Radiofrequency Ablation of Atrial Flutter
A33-year-old man with cardiac and pulmonary sarcoidosis developed ventricular tachycardia managed with an implantable cardioverter-defibrillator and amiodarone therapy. Subsequently, episodes of atrial flutter triggered spurious therapies from the implantable cardioverter-defibrillator, and the patient underwent electrophysiological evaluation. Common atrial flutter (caudocranial septal and counterclockwise right atrial activation) was induced, with a cycle length of 270 ms. Entrainment with a postpacing interval equal to the flutter cycle length was demonstrated in the right atrial inferior isthmus (Figure 1A⇓), indicating that this region was part of the macroreentrant circuit. A steerable 7F quadripolar 4-mm-tip thermistor radiofrequency (RF) ablation catheter (EP Technologies, Inc) was used to make a line of RF lesions extending from the tricuspid annulus to the inferior vena cava until bidirectional isthmus conduction block could be demonstrated. Atrial flutter ended during RF current application (Figure 1B⇓). Subsequently, there was no recurrence of atrial flutter. However, progressive heart failure and frequent episodes of ventricular tachycardia continued, and heart transplantation was performed 3 weeks after RF ablation of atrial flutter. The explanted heart was examined after removal. A diaphragmatic view of the heart illustrates the relationship of the right atrial inferior isthmus with the coronary vessels (Figure 2⇓). A longitudinal section of the right AV groove is seen in Figure 3A⇓. RF lesions extended to depths up to 2 mm, whereas the distance from the endocardial surface at the ablation site to the right coronary artery is 4 mm. Microscopically, the RF lesions were characterized by coagulation necrosis with hemorrhage surrounded by a rim of granulation tissue (Figure 3B⇓).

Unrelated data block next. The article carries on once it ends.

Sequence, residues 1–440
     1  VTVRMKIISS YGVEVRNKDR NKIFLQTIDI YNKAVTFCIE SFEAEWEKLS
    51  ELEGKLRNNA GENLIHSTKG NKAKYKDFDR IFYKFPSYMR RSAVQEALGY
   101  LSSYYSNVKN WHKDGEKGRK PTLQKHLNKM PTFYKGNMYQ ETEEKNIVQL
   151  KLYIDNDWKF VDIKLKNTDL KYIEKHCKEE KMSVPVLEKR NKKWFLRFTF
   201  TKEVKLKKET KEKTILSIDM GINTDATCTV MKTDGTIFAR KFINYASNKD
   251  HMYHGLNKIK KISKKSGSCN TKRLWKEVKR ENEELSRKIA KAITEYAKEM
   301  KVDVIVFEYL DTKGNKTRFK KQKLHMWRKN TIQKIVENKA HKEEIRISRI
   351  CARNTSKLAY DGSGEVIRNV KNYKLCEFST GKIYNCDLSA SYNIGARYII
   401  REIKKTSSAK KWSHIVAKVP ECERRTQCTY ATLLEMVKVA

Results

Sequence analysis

Ablation of atrial flutter has been established to be a safe procedure. Despite the proximity of the right coronary artery, no arterial damage has been reported thus far. To some extent, the arteries are protected by luminal blood flow, which serves as a heat sink, keeping the vessel wall cool when surrounding tissue is heated. However, with advances in technology, ablation catheters capable of creating larger and deeper lesions are entering clinical trials. The images in the present report showing proximity of the right coronary artery to the region targeted for ablation of common atrial flutter suggest that ablation systems capable of making deeper lesions require cautious evaluation if they are to be applied to ablation of atrial flutter.
Dr Delacretaz was supported by grants from the Swiss National Science Foundation and from the Swiss Foundation for Grants in Medicine and Biology.
The editor of Images in Cardiovascular Medicine is Hugh A. McAllister, Jr, MD, Chief, Department of Pathology, St Luke’s Episcopal Hospital and Texas Heart Institute, and Clinical Professor of Pathology, University of Texas Medical School and Baylor College of Medicine.
Circulation encourages readers to submit cardiovascular images to Dr Hugh A. McAllister, Jr, St Luke’s Episcopal Hospital and Texas Heart Institute, 6720 Bertner Ave, MC1-267, Houston, TX 77030.
- Copyright © 1999 by American Heart Association